Rinsho Shinkeigaku (Clinical Neurology)

The 45th Annual Meeting of the Japanese Society of Neurology

Natural progression of Alzheimer's disease (AD): a perspective on possible therapies for advanced AD

Katsuhiko Yanagisawa, M.D.

Department of Alzheimer's Disease Research National Institute for Longevity Sciences National Center for Geriatrics and Gerontology

Patients with Alzheimer's disease (AD) show progressive deterioration in cognitive function without a spontaneous improvement in their course. Currently, acetylcholine esterase inhibitors (AchEIs) are generally used for treating AD and their beneficial effects have been confirmed for mild to moderate AD. Treatment options for patients with severe or advanced AD are limited; however, previous studies suggested that AchEIs, such as donepezil and galantamine, can provide some benefits for improving cognitive deficits even in patients with advanced AD. Furthermore, evidence of long-term benefits of donepezil treatment was reported by a recent study. Thus, AchEIs may have a wide spectrum of beneficial effects than we previously considered. Antiamyloid therapeutic strategies, including inhibition of the generation of amyloid β-protein (Aβ) and acceleration of Aβ clearance, are likely to be highly effective for AD. A recent study of conditional transgenic mouse models of other neurodegenerative diseases suggested that a continuous influx of toxic aggregates of a mutant protein is required to maintain the pathological progression of the disease. Thus, although Aβ generation and deposition are upstream of the amyloid cascade, it is likely that antiamyloid therapies can slow the natural progression of AD even in an advanced stage of the disease.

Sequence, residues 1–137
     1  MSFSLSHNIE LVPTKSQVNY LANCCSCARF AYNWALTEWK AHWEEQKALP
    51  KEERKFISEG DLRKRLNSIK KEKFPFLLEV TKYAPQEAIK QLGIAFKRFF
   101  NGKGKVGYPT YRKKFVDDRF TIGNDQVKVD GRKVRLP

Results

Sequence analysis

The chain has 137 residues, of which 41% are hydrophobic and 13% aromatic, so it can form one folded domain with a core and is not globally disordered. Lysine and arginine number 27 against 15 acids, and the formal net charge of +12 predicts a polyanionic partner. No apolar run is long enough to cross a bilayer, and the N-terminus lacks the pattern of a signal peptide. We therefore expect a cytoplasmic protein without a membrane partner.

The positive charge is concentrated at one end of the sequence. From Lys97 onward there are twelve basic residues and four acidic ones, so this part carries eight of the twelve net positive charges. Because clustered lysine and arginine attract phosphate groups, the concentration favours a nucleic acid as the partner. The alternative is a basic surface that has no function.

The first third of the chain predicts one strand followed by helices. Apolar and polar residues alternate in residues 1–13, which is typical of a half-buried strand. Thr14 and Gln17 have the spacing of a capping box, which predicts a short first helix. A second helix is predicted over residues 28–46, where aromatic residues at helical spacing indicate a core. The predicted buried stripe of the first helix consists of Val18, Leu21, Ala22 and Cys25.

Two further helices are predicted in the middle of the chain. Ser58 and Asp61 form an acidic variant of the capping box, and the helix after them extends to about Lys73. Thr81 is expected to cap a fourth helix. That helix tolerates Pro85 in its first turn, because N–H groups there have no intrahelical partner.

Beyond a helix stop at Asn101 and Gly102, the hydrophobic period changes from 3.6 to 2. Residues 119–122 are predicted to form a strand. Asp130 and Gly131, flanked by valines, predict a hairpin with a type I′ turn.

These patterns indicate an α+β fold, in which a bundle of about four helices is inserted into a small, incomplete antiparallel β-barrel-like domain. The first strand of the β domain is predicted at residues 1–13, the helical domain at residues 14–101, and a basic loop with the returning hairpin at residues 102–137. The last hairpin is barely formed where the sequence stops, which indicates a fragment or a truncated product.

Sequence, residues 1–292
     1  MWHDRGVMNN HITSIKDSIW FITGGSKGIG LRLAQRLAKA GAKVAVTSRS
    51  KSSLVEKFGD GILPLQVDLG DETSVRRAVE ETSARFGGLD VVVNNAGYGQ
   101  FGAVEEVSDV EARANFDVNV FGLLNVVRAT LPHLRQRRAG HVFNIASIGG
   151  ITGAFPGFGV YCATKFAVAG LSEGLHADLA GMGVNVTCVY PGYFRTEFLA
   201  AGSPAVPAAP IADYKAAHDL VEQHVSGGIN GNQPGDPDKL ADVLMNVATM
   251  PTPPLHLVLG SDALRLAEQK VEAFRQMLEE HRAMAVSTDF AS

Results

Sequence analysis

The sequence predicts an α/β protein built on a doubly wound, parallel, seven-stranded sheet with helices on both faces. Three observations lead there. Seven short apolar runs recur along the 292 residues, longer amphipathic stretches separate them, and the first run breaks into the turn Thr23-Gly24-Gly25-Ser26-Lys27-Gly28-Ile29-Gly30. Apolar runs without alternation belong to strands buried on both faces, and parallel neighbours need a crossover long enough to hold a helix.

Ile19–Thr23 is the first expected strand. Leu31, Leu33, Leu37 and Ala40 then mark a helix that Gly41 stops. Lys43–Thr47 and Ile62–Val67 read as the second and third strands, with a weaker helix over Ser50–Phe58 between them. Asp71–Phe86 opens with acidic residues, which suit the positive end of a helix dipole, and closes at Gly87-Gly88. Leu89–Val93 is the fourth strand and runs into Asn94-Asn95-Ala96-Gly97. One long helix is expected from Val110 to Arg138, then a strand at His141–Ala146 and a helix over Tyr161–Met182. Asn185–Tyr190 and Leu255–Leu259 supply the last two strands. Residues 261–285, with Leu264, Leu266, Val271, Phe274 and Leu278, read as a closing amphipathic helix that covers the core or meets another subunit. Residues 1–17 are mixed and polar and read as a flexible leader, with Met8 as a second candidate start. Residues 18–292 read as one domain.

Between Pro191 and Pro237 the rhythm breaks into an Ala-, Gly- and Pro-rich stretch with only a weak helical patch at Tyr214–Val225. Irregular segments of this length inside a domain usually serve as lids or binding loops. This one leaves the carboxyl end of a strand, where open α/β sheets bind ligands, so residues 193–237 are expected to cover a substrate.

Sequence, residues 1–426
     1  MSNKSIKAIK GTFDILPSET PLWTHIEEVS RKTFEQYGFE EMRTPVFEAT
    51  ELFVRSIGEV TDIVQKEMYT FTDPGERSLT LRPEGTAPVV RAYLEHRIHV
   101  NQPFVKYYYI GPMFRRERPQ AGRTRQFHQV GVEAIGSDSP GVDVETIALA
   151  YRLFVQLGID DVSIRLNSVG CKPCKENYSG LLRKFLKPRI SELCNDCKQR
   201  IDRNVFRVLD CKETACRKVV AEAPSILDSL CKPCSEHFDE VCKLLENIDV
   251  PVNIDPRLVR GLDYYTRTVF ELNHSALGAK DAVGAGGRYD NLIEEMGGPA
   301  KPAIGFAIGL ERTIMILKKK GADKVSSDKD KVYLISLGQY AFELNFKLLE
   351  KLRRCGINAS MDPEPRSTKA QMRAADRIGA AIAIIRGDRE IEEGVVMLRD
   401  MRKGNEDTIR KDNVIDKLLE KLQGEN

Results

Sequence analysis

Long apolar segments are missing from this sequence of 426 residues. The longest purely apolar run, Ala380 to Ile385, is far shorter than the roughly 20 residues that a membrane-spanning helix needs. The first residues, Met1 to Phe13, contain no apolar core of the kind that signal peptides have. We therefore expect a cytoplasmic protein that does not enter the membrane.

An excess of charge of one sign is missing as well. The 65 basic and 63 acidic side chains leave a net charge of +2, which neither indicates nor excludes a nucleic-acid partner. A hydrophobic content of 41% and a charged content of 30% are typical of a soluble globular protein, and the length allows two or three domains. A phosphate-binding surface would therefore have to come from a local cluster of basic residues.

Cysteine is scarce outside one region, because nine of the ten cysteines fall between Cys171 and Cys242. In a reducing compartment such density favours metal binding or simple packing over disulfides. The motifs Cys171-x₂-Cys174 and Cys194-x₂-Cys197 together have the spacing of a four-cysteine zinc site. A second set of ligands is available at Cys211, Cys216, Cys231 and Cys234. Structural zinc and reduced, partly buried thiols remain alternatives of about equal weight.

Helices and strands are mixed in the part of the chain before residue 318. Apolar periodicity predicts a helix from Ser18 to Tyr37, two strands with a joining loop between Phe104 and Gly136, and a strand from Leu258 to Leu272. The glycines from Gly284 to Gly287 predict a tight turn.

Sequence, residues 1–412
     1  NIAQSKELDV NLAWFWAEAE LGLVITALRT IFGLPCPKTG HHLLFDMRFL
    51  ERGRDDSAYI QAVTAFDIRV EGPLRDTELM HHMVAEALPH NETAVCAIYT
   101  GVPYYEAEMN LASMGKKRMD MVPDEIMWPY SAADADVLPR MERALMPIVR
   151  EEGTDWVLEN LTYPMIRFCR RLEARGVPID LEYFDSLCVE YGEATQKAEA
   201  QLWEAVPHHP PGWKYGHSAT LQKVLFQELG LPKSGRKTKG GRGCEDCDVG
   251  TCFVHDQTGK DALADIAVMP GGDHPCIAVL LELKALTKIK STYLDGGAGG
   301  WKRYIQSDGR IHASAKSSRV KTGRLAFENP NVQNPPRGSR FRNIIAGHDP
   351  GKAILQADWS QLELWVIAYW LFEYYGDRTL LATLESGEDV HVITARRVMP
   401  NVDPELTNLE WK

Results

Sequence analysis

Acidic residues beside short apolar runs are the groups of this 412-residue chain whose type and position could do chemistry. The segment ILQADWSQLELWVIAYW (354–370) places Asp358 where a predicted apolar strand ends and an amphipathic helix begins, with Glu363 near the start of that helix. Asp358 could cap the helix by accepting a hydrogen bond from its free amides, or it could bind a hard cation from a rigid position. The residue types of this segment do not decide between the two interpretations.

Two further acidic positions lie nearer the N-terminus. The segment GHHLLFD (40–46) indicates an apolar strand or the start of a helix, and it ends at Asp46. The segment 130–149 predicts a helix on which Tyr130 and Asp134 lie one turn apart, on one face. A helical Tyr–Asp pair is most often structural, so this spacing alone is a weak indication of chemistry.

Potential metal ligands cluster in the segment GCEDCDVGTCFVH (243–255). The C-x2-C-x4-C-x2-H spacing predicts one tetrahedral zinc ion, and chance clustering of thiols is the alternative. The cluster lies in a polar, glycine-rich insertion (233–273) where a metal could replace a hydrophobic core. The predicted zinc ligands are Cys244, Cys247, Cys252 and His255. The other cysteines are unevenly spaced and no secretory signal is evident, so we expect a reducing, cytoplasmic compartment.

(CLINICA NEUROL, 44: 921|923, 2004)
key words: Alzheimer's disease, amyloid β-protein, acetylcholine

(Received: 12-May-04)